Background The safe prescription of antibiotics and their rational use constitute an essential link in the management of patients, in which all care actors have an important role.
Purpose To analyse the evolution of antibiotic consumption in a paediatric health establishment, and to develop strategies for optimising the prescription and rationalisation of their use.
Material and methods The analysis concerned four critical antibiotics (ceftazidime, imipenem/cilastine, vancomycin and amikacin), used in six departments of the paediatric hospital over the period from July 2016 to December 2017. The use of antibiotics was evaluated using the defined adult daily doses as a measurement standard that converts the physical quantities of drugs into a standard unit of measurement.
In order to overcome the problem of overconsumption, we have put, in collaboration with the health facility’s drug committee, some strategies for optimising the prescription of antibiotics, such as the requirement of antibiogram results for prescriptions containing a critical antibiotic, discussion of the choice of antibiotic therapy to limit bacterial resistance and reinforcement of hygiene measures to reduce the incidence of nosocomial infections.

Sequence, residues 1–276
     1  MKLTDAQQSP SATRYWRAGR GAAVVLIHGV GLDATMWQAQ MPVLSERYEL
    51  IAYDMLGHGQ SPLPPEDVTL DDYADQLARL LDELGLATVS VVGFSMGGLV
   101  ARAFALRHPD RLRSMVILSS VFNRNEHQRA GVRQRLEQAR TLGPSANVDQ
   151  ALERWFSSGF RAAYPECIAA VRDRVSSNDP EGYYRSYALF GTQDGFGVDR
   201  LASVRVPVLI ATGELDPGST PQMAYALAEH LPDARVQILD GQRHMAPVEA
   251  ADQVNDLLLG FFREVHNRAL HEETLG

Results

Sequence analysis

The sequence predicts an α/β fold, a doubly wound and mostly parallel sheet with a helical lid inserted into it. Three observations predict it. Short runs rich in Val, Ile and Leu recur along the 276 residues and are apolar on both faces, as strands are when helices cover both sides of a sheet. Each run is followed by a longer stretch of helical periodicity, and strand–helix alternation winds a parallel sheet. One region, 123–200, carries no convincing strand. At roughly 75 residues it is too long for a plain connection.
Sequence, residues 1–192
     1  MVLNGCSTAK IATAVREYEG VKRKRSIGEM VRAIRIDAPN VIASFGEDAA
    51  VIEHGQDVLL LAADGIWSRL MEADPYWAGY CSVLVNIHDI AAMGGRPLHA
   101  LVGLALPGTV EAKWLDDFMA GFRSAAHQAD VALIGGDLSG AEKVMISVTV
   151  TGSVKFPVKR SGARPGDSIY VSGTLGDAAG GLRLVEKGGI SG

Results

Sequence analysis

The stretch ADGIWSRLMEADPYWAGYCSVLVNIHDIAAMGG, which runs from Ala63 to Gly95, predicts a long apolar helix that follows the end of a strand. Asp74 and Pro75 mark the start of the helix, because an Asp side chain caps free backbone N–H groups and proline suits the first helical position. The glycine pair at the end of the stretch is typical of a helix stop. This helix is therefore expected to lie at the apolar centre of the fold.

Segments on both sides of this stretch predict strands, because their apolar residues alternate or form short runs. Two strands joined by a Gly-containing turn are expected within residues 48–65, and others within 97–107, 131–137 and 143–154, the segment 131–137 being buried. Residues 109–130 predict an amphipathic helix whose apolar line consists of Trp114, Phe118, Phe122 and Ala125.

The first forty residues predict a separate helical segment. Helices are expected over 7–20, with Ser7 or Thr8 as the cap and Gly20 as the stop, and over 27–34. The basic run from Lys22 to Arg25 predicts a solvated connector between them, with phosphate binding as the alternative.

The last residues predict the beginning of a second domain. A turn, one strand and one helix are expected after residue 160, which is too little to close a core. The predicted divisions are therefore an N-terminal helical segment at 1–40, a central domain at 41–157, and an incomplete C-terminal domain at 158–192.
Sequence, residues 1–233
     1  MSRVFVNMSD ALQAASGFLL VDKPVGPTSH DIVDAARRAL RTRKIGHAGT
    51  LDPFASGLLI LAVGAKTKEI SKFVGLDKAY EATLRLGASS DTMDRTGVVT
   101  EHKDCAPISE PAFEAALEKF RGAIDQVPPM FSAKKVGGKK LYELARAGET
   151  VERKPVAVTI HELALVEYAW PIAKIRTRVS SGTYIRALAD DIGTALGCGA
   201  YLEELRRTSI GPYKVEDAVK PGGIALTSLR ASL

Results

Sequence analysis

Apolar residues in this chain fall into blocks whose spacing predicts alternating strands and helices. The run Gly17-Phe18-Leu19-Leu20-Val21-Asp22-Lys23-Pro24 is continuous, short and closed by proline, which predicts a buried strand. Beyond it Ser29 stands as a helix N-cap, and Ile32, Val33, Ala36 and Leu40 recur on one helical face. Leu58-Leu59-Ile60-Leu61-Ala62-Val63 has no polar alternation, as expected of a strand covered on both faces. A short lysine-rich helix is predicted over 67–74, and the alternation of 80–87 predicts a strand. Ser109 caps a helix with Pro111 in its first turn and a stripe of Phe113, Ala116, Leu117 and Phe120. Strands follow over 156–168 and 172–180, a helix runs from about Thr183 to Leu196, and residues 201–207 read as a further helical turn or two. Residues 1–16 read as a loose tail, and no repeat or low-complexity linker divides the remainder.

Results The results of the evolution of consumption are presented in the following table 1 in (%):
Conclusion The optimisation of antibiotic use through collaboration and multidisciplinary actions was observed in the results, with considerable variation across services. The success of antibiotic prescribing strategies involves close collaboration between the resuscitator, the infectious disease specialist and the hospital pharmacist. Several studies highlight the value of such collaboration. The effectiveness of this collaboration is, however, conditioned by health professionals developing their knowledge of the particularly complex and specific environment of infections.
References and/or acknowledgements Clinical and economic impact of an antibiotics stewardship programme in a regional hospital in Hong Kong.
No conflict of interest.
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